Petrie, Christian M., Burns, Joseph R., Raftery, Alicia M., Nelson, Andrew T., and Terrani, Kurt A. Separate effects irradiation testing of miniature fuel specimens. United States: N. p., 2019. Web. doi:10.1016/j.jnucmat.2019.151783.
Petrie, Christian M., Burns, Joseph R., Raftery, Alicia M., Nelson, Andrew T., & Terrani, Kurt A. Separate effects irradiation testing of miniature fuel specimens. United States. doi:10.1016/j.jnucmat.2019.151783.
Petrie, Christian M., Burns, Joseph R., Raftery, Alicia M., Nelson, Andrew T., and Terrani, Kurt A. Tue . "Separate effects irradiation testing of miniature fuel specimens". United States. doi:10.1016/j.jnucmat.2019.151783.
@article{osti_1561658,
title = {Separate effects irradiation testing of miniature fuel specimens},
author = {Petrie, Christian M. and Burns, Joseph R. and Raftery, Alicia M. and Nelson, Andrew T. and Terrani, Kurt A.},
abstractNote = {We report that qualification of new nuclear fuels is necessary for their deployment and requires a thorough understanding of fuel behavior under irradiation. Traditionally, nuclear fuels have been qualified by performing exhaustive integral tests under a limited range of prototypic conditions designed for their specific reactor application. While some integral fuel testing is essential, basic data on behavior and property evolution under irradiation can be obtained from separate effects tests. These irradiations could offer reduced cost, reduced complexity, and in the case of accelerated testing, reduced time to achieve a given burnup. Furthermore, it may be desirable to design test irradiations capable of deconvoluting the myriad effects of burnup, temperature gradients, and other factors inherent to integral irradiation tests. Oak Ridge National Laboratory has developed an experimental capability to perform separate effects irradiation testing of miniature fuel specimens in the High Flux Isotope Reactor (HFIR): the “MiniFuel” irradiation vehicle. The small size (<4 mm3) of the fuel specimens simplifies the design, analysis, and post-irradiation examination. By reducing the fuel mass, the total heat generated inside the experiment vehicle can be dominated by gamma heating in the structural materials instead of fission heating in the fuel. This essentially decouples the fuel temperature from the fission rate, allowing for highly accelerated testing (3X-18X the burnup rate of a typical light water reactor for 235U enrichments varying from 0.22 wt% to 8 wt%) and an extremely flexible experiment design that can accommodate a wide range of fuel temperatures (~100 °C to >1200 °C), compositions, enrichments, and even geometries without requiring detailed analyses for each fuel variant. In conclusion, this paper summarizes the experiment design concept, evaluates potential applications for specific fuel forms, and briefly describes the first set of experiments on uranium nitride kernels that have been assembled and are currently being irradiated in the HFIR.},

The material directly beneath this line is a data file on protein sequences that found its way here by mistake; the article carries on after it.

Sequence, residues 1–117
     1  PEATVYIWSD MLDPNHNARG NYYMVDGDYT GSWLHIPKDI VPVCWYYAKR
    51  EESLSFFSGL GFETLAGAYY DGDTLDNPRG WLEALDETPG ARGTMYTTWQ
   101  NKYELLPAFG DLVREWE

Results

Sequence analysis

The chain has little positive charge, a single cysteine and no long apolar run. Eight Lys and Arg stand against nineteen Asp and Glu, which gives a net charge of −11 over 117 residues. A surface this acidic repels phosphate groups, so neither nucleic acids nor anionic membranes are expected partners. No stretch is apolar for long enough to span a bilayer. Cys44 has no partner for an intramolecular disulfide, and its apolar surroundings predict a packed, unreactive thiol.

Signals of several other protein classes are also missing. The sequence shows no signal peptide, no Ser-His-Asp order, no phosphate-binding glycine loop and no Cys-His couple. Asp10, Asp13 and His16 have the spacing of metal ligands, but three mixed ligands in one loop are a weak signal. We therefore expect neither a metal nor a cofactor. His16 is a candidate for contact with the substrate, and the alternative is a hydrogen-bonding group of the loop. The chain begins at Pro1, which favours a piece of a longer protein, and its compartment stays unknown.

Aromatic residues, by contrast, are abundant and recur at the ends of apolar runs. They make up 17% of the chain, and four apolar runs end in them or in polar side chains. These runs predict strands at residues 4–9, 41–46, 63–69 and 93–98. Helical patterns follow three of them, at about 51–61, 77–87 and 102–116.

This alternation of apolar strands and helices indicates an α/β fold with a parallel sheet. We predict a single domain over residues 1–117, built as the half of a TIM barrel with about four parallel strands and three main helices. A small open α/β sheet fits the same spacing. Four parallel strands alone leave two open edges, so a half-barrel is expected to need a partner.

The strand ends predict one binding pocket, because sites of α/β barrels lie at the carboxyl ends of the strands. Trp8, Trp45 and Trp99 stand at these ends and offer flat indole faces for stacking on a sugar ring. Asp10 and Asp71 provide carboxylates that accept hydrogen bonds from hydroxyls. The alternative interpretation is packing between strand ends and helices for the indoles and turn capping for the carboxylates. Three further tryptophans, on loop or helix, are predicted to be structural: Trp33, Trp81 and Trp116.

doi = {10.1016/j.jnucmat.2019.151783},
journal = {Journal of Nuclear Materials},
number = C,
volume = 526,
place = {United States},
year = {2019},
month = {9}
}